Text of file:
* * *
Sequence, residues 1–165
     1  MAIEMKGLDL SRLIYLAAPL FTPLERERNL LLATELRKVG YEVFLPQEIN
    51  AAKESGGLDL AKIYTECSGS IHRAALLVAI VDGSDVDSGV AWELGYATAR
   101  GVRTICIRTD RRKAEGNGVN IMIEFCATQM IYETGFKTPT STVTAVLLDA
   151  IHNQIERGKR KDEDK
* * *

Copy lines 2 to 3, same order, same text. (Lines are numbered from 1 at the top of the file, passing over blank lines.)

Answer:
     1  MAIEMKGLDL SRLIYLAAPL FTPLERERNL LLATELRKVG YEVFLPQEIN
    51  AAKESGGLDL AKIYTECSGS IHRAALLVAI VDGSDVDSGV AWELGYATAR